🎙 The Jayhawker Podcast | Todd Reesing
Episode 36: Todd Reesing | September 17, 2020
He’s the most prolific passer in KU football history. He helped engineer the greatest two-year stretch the program has ever seen. Todd Reesing is as legendary as it gets when it comes to Kansas Football. While most Jayhawk fans are well aware of what Reesing accomplished along the way to the KU Ring of Honor, you might not know what sold him on Kansas in the first place.
This week on The Jayhawker podcast we chronicle Reesing’s entire Jayhawk career from his initial commitment to being immortalized in the Kansas record books.
Reesing’s first ever encounter with Coach Mark Mangino ended in a scholarship offer for the reigning Texas 4A Player of the Year. Following his junior season at Lake Travis High School in Austin, Reesing and his family decided to visit Lawrence and check out the Kansas football facilities while driving up to the Sunflower State for a Kansas State football camp. As a sub-six-feet-tall quarterback, Reesing was being overlooked by most of the local schools in his home state. Kansas State had been his first major conference offer, but Reesing also sent his film to the Jayhawks and receivers coach Tim Beck asked Todd and his family to check out both Kansas schools on their trip north.
“We went right into Coach Mangino’s office and started talking to him,” recalled Reesing. “Within 15 minutes, he said, ‘I watched your tape this morning, I’ve seen all I need to see. We want to offer you a scholarship.’”
The coach’s assertive approach and confidence in Reesing really scored major points with Todd.
“Whereas, every other school I’d be talking to said, ‘Well, we’d like to see you throw in person’ or ‘You’re on our ‘B-list’ of quarterbacks’ – which is what the Texas A&M coach told me. But Coach Mangino, as soon as he saw the tape, the first time I meet him, he goes, ‘I don’t care how tall you are. You have that X-factor. I’d like you to come play quarterback for us.’”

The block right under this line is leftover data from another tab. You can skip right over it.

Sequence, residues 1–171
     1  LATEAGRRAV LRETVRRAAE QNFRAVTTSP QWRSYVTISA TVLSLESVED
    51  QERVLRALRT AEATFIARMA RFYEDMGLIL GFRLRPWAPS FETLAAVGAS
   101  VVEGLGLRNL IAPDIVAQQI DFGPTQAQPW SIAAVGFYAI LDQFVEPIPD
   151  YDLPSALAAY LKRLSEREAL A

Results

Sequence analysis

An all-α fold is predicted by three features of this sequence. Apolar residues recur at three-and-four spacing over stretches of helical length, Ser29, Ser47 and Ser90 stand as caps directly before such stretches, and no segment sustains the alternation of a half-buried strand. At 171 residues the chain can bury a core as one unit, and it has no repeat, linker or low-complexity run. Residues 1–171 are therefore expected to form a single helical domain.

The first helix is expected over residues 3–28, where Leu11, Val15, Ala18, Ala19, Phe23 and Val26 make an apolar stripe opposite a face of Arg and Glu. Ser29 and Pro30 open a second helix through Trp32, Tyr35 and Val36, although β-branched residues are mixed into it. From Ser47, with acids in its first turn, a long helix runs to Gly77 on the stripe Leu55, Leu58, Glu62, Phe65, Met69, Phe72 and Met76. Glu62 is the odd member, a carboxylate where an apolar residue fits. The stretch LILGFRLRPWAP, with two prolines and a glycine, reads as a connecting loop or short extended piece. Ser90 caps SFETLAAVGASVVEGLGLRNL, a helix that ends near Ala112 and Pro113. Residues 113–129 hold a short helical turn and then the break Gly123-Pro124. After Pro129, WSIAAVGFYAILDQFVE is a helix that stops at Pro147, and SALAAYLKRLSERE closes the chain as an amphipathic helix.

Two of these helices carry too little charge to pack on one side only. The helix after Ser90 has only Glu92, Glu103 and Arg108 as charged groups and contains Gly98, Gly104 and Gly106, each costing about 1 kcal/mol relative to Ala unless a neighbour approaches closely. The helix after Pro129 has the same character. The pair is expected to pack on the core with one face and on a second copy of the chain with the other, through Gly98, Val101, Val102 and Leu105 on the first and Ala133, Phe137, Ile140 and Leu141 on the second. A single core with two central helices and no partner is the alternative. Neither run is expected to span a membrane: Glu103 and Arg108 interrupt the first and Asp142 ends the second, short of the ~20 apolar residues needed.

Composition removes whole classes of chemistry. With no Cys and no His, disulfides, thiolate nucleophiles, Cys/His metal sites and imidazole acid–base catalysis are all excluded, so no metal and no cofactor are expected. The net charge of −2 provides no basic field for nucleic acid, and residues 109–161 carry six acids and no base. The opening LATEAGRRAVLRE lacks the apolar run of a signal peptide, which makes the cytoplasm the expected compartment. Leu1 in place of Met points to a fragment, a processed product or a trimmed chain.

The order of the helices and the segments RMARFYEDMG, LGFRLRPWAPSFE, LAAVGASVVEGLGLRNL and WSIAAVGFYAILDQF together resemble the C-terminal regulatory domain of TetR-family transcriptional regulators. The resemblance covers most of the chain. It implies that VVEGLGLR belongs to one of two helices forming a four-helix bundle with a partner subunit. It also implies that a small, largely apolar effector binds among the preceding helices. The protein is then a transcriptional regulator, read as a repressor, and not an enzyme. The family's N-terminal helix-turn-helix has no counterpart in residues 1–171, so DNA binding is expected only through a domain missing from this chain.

The fact that Mangino saw something special in Reesing and wasn’t deterred by his height convinced Reesing that Kansas was where he belonged.
“Having that confidence instilled in you right away that he didn’t care about the height or anything else, he just thought that I could play football – I think that’s what really sold me on Kansas,” described Reesing. “It was really Coach Mangino from that very first second having the belief that I could play (that convinced me to be a Jayhawk).”
Reesing committed soon after and then turned in another impressive season at Lake Travis before arriving at KU in the spring of 2006. Though he didn’t measure up physically with his primary competition for the quarterback job – 4-star QB recruit Kerry Meier, then a redshirt freshman – Reesing was determined to prove he belonged.
“My first winter workout in the offseason was at the indoor track on campus,” remembered Reesing. “We’re doing 200-yard sprints around the indoor track but we’re staggered in four different groups. In just 200 yards, after we’ve run a few of these, I get passed by someone from the group behind me with these long, flowing golden locks (of hair). And he’s just looking like a thoroughbred cruising past me and I’m thinking, ‘This is the guy I gotta compete with?’
So my prospects early on at Kansas of winning the starting job when you’ve got Kerry Meier who is the golden boy that everyone called “Franchise”, a year ahead of me, didn’t inspire a lot of early confidence.”
Reesing would soon start gaining the confidence of his teammates and coaches though and when a Meier injury mid-season and a lackluster first half by the KU offense versus Colorado opened the door, Reesing came charging through. The freshman jumped at the chance to play, having no reservations about lifting his redshirt 9 games into the season. What ensued was a second half comeback victory that helped propel KU to a 6-6 season, earned Reesing the nickname “Sparky” from his Coach, and set him on path to KU Football greatness no Jayhawk quarterback had ever seen.
Come along for the rest of the ride on this week’s edition of “The Jayhawker Podcast.”